Sam is an amazing talent at finding new, cutting-edge technologies and translating that research into how the future will look — and where the investment opportunities lie. When he’s not working as Money Morning's Technology Analyst, Sam writes his own free daily e-letter Tech Insider, and uncovers the most exciting tech investments around the globe for readers of Revolutionary Tech Investor. If you’d like to more about Sam’s financial world view and investing philosophy then join him on Google+. It's where he shares investment insight, commentary and ideas that he can't always fit into his regular Money Morning essays. Read more about Technology Analyst Sam Volkering.

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3 Comments For This Post

  1. Frank Says:

    I had been waiting years for Nokia to jump onto the Android bandwagon but I eventually yielded to disappointment and peer pressure and bought a Galaxy S3.

    Whilst I am waiting for warranty repairs on a phone that has never been dropped or even scratched, I revert to my trusty N95 and also realise that my father is still using my ancient Nokia 3110 which has often been exposed to salt water and dropped dozens of times over more than 15 years.

    Sad days indeed.

  2. Luke Says:

    Great read. How do they compare to with patents granted around the world?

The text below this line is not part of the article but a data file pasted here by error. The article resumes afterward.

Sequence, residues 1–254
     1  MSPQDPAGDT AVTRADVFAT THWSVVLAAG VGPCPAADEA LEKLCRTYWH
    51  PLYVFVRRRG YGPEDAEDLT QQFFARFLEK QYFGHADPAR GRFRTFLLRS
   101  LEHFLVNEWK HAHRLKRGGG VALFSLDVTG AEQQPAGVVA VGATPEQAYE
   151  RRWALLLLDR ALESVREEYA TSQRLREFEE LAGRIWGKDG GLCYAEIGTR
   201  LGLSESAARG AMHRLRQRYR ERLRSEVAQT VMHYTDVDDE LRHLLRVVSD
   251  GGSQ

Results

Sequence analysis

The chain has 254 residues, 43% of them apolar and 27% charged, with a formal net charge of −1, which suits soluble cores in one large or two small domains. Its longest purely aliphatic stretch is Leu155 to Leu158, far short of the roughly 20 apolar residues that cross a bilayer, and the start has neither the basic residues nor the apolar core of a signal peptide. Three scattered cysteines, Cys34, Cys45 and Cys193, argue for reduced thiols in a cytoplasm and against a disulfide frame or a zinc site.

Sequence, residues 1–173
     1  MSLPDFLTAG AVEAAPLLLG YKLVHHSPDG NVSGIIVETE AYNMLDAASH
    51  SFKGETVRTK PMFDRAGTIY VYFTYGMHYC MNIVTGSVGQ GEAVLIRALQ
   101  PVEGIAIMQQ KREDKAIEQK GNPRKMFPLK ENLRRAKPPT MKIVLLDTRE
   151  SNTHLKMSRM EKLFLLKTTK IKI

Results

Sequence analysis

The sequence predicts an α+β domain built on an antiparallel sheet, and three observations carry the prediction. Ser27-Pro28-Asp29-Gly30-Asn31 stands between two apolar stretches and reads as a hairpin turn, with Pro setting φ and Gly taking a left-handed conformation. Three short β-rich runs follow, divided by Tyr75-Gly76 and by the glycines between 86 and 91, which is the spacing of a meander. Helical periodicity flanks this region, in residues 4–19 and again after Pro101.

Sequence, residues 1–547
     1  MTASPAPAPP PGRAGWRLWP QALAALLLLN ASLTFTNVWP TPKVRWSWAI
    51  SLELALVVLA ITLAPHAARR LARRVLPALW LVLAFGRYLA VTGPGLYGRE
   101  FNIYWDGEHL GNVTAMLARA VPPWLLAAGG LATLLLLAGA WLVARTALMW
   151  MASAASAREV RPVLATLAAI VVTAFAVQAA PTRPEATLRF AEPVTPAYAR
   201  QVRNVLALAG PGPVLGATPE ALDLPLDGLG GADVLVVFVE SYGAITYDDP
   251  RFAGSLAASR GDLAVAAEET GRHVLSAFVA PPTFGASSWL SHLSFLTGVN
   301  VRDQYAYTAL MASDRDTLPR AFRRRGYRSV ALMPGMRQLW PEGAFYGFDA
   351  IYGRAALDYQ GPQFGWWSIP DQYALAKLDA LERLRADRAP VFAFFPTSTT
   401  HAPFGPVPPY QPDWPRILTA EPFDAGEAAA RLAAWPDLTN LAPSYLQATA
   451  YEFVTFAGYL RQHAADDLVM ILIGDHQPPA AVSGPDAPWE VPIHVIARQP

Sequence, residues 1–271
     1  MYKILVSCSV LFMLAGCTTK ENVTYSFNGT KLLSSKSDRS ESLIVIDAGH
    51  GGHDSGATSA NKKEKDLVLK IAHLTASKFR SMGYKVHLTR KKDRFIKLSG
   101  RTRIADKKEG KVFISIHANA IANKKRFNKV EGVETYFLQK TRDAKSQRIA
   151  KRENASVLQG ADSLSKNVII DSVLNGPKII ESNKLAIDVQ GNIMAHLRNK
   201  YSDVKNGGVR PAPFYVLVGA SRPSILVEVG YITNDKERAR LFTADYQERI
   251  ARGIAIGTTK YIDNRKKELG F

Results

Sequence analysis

3. Sam Danielles Says:

    I really appreciate the well-written review. The downtrend of any company, business or an industry can be easily seen by the way they present the product to the customer. Forget about all academic jargon and see the steps of a company such as Nokia.
    1) Develop a product / technology.
    2) Market it successfully, attracting more and more people.
    3) Celebrate several years of growing sales due to planned stepwise innovation.
    4)The company gains a “status” among customers and starts increasing product prices only because people call it is a “prestigious brand”.
    5)When the market share is great and the company becomes a “giant,” they think “well, lets charge high prices for people to enter the brand umbrella”
    6) Innovation becomes diluted, slow, and un-interesting. Innovation becomes replaced by stupid changes (e.g. changing the appearence of icons, changing colours, unnecessary customizations, fonts, pictures and all kinds of B***S***
    7)Products become ridiculously expensive, just for the brand, while a cheaper competitor gives better stuff cheaper. New customers think “man! lets try that too”
    8) New company slowly takes bites from the market while the expensive giant attempts to copy and follow the newbie in an unsuccessful attempt.
    9) When customers go for the renewal of their product or the service, they go for the cheapest, best product with a better future.

    This is what happened/happens to Motorola, Nokia, Ericsson, Blackberry, Microsoft, Kodak, Fujifilm, MSN, Hotmail, Yahoo, hp, Siemens, Crysler, Volvo, Archos, Acer, Panasonic, Sony (some parts), obviously apple and many other companies.

    Samsung, LG, Sony, HTC, Huawei, Canon, Nikon, Acer, LG, and many similar players are still in the game. Their fate will be decided by how they face, Innovation, cost, and compatibility with the rest of the world.

    More to come.